Thoroughbred horse breeding and racing in its modern form has a long history dating back to 17th century England and is inextricably linked with American history. Thoroughbred racing developed in all the British Colonies, Europe, Argentina, Japan. All modern Thoroughbred stallions can trace their lineage to three horses brought to England from the Middle East. Thoroughbred mares are traced back to Northern Europe and the Middle East.

Oliver Lewis 1856-1924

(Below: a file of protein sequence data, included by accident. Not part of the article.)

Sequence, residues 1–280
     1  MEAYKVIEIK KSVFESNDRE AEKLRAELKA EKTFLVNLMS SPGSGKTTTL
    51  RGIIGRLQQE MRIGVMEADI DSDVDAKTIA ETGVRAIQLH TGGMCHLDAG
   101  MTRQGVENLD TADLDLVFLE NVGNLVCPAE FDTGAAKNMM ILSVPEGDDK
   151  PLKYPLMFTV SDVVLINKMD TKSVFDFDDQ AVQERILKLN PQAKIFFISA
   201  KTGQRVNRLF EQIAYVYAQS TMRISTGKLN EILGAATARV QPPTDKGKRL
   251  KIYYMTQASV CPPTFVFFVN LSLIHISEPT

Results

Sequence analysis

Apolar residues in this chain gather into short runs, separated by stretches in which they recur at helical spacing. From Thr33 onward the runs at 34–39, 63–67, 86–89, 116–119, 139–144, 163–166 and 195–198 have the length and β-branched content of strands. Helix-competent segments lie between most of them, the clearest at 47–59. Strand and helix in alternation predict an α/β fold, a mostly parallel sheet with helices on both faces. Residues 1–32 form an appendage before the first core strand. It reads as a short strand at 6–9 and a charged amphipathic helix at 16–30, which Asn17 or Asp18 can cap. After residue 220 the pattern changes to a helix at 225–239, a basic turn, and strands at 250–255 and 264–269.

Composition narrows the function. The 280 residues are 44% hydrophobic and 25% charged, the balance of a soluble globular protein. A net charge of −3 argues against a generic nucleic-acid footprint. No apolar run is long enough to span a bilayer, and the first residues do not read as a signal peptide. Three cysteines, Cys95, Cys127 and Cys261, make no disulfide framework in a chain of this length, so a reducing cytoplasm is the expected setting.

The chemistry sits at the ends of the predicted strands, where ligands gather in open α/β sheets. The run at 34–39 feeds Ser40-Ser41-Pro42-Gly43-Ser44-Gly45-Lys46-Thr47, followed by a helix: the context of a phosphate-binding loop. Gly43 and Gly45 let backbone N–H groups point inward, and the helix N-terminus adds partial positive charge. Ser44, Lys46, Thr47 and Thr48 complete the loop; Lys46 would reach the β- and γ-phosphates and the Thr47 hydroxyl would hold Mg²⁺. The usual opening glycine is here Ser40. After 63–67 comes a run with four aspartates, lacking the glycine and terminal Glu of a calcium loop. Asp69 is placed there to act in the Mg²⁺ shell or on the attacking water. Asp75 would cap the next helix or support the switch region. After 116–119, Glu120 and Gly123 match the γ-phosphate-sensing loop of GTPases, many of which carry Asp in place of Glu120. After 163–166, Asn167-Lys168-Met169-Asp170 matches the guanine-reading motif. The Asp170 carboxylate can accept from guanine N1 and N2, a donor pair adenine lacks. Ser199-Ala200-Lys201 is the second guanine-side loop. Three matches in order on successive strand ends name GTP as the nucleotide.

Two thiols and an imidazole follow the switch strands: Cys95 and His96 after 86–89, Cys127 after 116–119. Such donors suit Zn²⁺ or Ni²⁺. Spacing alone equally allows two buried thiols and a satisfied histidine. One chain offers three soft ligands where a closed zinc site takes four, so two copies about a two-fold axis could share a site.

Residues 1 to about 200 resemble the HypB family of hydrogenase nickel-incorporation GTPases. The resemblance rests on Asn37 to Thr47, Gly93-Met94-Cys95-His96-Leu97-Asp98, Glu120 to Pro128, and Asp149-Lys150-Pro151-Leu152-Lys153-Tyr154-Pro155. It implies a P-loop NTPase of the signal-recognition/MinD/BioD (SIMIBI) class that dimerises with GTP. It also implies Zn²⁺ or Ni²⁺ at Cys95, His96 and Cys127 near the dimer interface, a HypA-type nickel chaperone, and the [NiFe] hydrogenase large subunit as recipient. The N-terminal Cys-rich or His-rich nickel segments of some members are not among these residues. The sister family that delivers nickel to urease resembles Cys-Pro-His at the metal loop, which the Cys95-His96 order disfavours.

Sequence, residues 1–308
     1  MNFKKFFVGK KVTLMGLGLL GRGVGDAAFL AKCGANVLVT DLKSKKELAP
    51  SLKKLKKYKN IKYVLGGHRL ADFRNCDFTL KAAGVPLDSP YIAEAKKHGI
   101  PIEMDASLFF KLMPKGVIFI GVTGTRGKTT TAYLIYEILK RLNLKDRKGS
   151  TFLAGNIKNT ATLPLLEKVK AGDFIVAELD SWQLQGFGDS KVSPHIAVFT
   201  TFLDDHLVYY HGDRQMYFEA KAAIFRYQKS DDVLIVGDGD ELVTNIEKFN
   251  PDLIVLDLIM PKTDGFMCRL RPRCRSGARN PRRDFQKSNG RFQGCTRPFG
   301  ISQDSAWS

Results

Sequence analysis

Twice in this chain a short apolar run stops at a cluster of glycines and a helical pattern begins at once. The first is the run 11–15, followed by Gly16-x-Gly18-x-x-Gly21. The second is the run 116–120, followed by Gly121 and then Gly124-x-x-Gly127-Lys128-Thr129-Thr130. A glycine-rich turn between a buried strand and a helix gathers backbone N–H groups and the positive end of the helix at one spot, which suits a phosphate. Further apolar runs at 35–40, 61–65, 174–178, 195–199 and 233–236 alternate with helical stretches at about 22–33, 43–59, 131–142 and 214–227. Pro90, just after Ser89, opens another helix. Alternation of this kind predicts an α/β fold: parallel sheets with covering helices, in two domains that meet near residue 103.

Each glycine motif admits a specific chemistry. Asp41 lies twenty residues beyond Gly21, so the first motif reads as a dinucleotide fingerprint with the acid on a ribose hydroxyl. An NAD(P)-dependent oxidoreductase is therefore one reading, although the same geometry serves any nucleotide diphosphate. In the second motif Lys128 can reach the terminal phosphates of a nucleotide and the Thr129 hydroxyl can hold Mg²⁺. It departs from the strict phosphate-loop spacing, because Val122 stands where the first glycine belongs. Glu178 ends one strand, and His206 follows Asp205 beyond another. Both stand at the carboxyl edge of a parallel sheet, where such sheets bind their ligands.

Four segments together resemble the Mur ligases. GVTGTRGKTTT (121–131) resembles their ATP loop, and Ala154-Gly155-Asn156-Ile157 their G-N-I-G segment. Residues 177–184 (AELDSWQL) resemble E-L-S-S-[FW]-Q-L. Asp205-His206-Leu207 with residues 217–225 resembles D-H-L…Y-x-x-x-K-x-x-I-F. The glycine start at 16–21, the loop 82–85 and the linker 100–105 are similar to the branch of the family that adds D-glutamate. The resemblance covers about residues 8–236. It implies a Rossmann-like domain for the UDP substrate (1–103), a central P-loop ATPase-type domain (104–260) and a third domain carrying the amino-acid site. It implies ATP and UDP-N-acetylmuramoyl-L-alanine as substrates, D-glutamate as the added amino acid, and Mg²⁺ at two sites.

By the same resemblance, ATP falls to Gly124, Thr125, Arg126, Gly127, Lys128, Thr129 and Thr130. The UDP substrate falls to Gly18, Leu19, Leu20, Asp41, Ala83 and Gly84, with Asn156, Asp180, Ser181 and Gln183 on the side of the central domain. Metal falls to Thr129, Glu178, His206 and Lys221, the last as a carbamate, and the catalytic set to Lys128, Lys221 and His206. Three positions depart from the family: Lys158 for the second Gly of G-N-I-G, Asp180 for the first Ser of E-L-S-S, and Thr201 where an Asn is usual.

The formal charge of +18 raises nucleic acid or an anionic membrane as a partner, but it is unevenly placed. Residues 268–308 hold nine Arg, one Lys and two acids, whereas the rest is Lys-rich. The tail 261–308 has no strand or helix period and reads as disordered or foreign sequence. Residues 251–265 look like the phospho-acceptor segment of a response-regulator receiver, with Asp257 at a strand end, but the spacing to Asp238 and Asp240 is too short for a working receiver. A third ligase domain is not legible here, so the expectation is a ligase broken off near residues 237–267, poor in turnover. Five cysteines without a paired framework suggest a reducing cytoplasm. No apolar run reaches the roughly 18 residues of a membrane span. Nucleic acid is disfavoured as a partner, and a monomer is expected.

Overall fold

So, how are African Americans involved in this illustrious history? Maryland and Virginia were the centers of thoroughbred breeding in the American Colonies, as well as South Carolina and New York. Horse racing in New York goes back to 1665. After the American Revolution, Kentucky and Tennessee became the centers of activity. Except for New York, all the other states were slave-holding states. Enslaved Africans and their descendants were central to the business of thoroughbred horse breeding and then later in the racing industry as well. Enslaved workers were skilled riders, grooms, and trainers on the plantations. As a result, they were dominant as jockeys: in the first Kentucky Derby in 1875, thirteen of the fifteen jockeys were black and the race was one black jockey Oliver Lewis riding Aristides, the horse trained by former enslaved Ansel Williamson. African American jockeys won 15 out of the first 28 runnings of the Kentucky Derby. Two years after Oliver, the race was claimed by seventeen year-old William WalkerIsaac Murphy, the son of a formerly enslaved man, is considered the greatest American jockey in history. Murphy rode 628 winners of his 1412 mounts. He won the Kentucky Derby three times, the American Derby four, and the Latonia Derby five times. Four more black jockeys would win fame at the Kentucky Derby: Alonzo "Lonnie" Clayton (at 15, the youngest to ever win), James "Soup" Perkins, Willie Simms, and Jimmy "Wink" Winkfield. Winkfield would be the last African American to ride in the Kentucky Derby. Murphy, Simms, and Winkfield have been inducted into the National Museum of Racing and Hall of Fame in Saratoga Springs, New York.